Abnormal excessive red blood cell destruction is called hemolysis. Hemolytic anemia occurs when RBCs are fast broken down in the bloodstream or in the spleen.

Hemolytic anemia may be due to mechanical causes (leaky heart valves or aneurysms), infections, autoimmune disorders, or congenital abnormalities in the red blood cell. Inherited abnormalities may affect the hemoglobin or the blood cell structure and function. Examples of inherited hemolytic anemias include some types of thalassemia and sickle cell anemia.

4) Bone marrow failure

Bone marrow failure affects the production of red blood cells. This may be due to cancer such as leukemia, radiation, chemotherapy or other toxic drugs, immune disease and heredity.

5) Kidney Disease

Healthy kidneys produce a hormone called erythropoietin (EPO). EPO prompts the bone marrow to make red blood cells.

When kidneys are diseased or damaged, they do not make enough EPO. As a result, the bone marrow makes fewer red blood cells, causing anemia.

6) Genetic causes

Can Anemia be hereditary? Yes, anemia may be genetically inherited.

Depending on the degree of the genetic abnormality, hereditary anemias may cause mild, moderate, or severe anemia. In fact, some may be too severe to cause the death of the fetus (unborn infant) in the uterus. On the other hand, some of these anemias are so mild that they are usually not noticeable and are incidentally revealed only during a routine blood work.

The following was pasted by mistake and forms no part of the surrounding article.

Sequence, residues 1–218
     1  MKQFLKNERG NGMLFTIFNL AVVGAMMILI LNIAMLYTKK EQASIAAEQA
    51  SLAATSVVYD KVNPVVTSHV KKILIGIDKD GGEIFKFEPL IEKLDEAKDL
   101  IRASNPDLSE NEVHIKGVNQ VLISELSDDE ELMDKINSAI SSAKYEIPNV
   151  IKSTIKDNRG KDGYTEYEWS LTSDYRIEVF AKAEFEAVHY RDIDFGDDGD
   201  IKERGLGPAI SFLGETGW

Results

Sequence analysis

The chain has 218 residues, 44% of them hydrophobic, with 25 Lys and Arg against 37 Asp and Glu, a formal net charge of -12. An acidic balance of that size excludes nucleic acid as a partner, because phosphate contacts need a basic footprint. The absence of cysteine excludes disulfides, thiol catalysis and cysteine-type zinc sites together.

Symptoms of Anemia

Symptoms of anemia

  • Some patients with anemia show no symptoms.
  • Other with anemia may feel tired, fatigue easily, appear pale, develop palpitations (fast heart beat), experience shortness of breath
  • It is worth noting that if anemia is longstanding (chronic anemia), the body may adjust to low oxygen levels and the individual may not feel different unless the anemia becomes severe. On the other hand, if the anemia occurs rapidly (acute anemia), the patient may experience significant symptoms relatively quickly.

Anemia can be detected by a simple blood test called a complete blood cell count (CBC); which gives an idea about the RBC count and Hb level.

Interpretation of CBC may lead to clues to suggest the type of anemia.

However, treatment of anemia varies greatly and very much depends on the particular cause.

Pranayama - A breathing exerciseRole Of Yoga in Anemia

Does yoga have any role in ameliorating anemia?

Yoga integrates physical exercises with breathing techniques and hence is very helpful in bringing in the fresh oxygen-rich air into the body and distributing it to all the systems by increasing blood circulation through them.

According to various yoga experts, anemic patients should start their yoga sessions with Pranayama followed by proper asanas under the guidance of good yoga instructors.

Ayurveda, the medicinal branch of yoga offers many treatments for anemia.

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Carthik shares his Healthy Life journey. Do visit regularly to get updated on his progress and tips for your own journey to live healthily. If you like what he does and if you have a passion and want to share it too, then Click here to learn how to share what you love – on your website!

About Carthik

Carthik shares his Healthy Life journey. Do visit regularly to get updated on his progress and tips for your own journey to live healthily. If you like what he does and if you have a passion and want to share it too, then Click here to learn how to share what you love - on your website!